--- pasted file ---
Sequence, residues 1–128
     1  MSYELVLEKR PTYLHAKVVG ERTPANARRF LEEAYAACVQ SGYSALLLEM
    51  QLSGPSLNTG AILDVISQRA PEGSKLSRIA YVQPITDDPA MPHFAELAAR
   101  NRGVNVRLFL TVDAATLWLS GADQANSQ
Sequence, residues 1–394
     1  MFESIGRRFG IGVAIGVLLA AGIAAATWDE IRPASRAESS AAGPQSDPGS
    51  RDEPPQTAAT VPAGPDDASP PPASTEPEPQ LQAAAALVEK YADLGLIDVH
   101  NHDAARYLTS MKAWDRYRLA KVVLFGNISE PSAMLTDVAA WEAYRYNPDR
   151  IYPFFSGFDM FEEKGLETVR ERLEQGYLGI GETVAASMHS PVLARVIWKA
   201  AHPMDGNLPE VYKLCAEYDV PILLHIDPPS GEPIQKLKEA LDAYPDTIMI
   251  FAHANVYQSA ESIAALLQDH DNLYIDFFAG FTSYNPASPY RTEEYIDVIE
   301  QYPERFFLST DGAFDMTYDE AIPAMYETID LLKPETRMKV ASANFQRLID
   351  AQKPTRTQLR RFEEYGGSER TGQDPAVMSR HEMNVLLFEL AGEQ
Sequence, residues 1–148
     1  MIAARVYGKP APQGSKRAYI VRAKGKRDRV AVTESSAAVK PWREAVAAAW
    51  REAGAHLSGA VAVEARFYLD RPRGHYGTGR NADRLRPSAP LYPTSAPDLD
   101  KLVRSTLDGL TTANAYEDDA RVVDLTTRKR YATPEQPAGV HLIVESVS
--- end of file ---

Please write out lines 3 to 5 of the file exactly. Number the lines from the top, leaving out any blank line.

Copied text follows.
    51  QLSGPSLNTG AILDVISQRA PEGSKLSRIA YVQPITDDPA MPHFAELAAR
   101  NRGVNVRLFL TVDAATLWLS GADQANSQ
Sequence, residues 1–394